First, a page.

Gallatin city leaders will allow overnight rock drilling and rock crushing operations to occur at the site of Facebook’s new data center currently under construction off Hartsville Pike. JOSH CROSS

Construction of Facebook’s new multi-million-dollar data center in Gallatin will be allowed to continue overnight for at least 22 weeks despite noise concerns from some area residents.

The Gallatin City Council approved a request from DPR Construction last week that allows the company to perform nightly rock drilling and rock crushing operations at the site Monday through Friday from Sept. 15 until Feb. 15.

“This isn’t the normal all-day construction that is going on out there,” Mayor Paige Brown said prior to the vote. “I really don’t think that there is a noise violation that will occur based on the decibel readings that they have out there.”

While an extension can be granted by the city’s building official and police department without the need for additional permission from the city council, Brown added that city leaders have the authority to stop overnight work at the site if it became a nuisance to residents in the area.

Crews have constructed a 40-foot-tall berm around the rock-crushing equipment to help dampen sound from the equipment, according to Jeff Mason, project executive for DPR Construction. Equipment to monitor the sound levels of work at the site has also been installed around the property.

“This night variance is specific to rock drilling in certain locations on the site and rock crushing and that is it,” Mason told the city council last month. “Both of those activities are required to support the daytime earthwork and blasting operations. Essentially, the rock drilling equipment is required to stay ahead of the blasting requirements.”

Blasting will take place daily between 1:30 p.m. and 2:30 p.m., according to officials with the Gallatin Economic Development Agency.

In recent weeks, several area residents have expressed concerns about the overnight work planned at the site and how it could potentially disrupt the sleep of them and their families.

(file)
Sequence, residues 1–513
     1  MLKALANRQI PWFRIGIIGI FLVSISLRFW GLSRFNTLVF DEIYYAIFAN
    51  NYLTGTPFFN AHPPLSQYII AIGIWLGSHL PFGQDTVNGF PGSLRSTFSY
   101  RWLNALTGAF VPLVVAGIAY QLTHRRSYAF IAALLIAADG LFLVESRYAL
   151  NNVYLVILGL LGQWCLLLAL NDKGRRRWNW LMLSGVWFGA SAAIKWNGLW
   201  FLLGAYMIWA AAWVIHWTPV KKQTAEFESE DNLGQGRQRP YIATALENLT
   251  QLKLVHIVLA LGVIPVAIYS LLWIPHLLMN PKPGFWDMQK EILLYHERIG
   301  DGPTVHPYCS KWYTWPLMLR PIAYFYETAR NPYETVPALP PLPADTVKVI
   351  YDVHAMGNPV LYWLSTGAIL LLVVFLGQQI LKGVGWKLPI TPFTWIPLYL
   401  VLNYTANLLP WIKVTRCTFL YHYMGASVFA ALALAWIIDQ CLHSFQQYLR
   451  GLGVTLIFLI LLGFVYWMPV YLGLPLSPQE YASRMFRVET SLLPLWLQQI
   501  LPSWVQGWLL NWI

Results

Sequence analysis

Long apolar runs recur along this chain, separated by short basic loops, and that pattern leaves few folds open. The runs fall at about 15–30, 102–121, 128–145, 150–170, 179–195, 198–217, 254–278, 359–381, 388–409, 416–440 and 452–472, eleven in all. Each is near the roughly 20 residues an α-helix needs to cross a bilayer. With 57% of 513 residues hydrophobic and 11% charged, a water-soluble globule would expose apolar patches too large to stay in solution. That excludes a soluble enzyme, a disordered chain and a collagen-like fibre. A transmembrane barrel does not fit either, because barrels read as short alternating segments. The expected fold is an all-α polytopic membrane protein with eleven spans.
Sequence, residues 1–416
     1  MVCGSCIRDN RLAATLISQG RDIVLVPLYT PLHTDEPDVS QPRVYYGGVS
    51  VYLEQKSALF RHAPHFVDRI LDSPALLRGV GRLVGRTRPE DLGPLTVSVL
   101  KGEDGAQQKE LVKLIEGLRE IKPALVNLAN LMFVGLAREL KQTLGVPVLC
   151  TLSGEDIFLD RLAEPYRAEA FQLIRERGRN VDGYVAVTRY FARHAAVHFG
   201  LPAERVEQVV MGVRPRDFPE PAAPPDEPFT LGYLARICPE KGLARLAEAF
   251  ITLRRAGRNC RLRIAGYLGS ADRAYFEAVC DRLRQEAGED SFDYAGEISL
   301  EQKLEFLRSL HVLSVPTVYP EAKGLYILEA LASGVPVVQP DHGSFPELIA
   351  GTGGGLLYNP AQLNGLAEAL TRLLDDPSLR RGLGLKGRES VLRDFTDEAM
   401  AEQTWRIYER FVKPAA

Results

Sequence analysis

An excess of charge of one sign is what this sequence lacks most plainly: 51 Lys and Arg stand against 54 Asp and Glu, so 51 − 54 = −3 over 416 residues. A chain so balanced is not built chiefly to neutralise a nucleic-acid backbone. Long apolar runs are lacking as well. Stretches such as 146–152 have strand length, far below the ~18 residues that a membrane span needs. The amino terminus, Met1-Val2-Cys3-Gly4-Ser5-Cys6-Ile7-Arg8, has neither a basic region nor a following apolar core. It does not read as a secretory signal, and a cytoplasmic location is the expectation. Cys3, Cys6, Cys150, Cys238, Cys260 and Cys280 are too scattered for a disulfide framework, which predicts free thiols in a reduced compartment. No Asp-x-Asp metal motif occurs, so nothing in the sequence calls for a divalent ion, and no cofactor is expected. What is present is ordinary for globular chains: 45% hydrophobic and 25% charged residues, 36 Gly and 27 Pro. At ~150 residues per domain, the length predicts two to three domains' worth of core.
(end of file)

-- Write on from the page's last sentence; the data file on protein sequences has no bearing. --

“I can recognize that this is Facebook and that they want to speed up their construction,” Hartsville Pike resident Rick Haynes told city leaders during a committee meeting on Aug. 25. “I can certainly appreciate that, but I don’t appreciate it being done at the expense of citizens and people who live nearby.

“We have young kids that are still in school, we have parents that work across this area and the impact to them is certainly not worth this project trying to save money or at least speed up the progress.”

Prior to voting on the request, members of the city council were offered individual tours of the construction site so they could hear how loud the drilling and rock crushing operations would be. The Gallatin News also requested a tour but was denied.

District 1 Councilwoman Lynda Bradley Love said last week that “the noise of the cicadas in the trees was far louder than any sound that we heard” from the construction work.

“I was really concerned when I went out there, but after going out there and seeing the operation, seeing how well that it was managed… it convinced me,” District 3 Councilman Jimmy Overton added. “People can’t hear it when this thing is running at night. There is no way you can hear it.”

Facebook announced last month that it will build an $800 million state-of-the-art data center in Gallatin. The 982,000-square-foot facility will be located on approximately 809 acres off of Hartsville Pike between Roundtree Drive and Brights Lane.

Work on the project is expected to continue through 2023 and will involve more than 1,100 construction workers on site at its peak.

“We are working closely with DPR Construction to implement measures that would ensure our neighbors are not impacted by the construction work,” Facebook spokeswoman Melanie Roe said. “We are committed to being a good neighbor and to making sure we have a positive impact on the communities that host us.”

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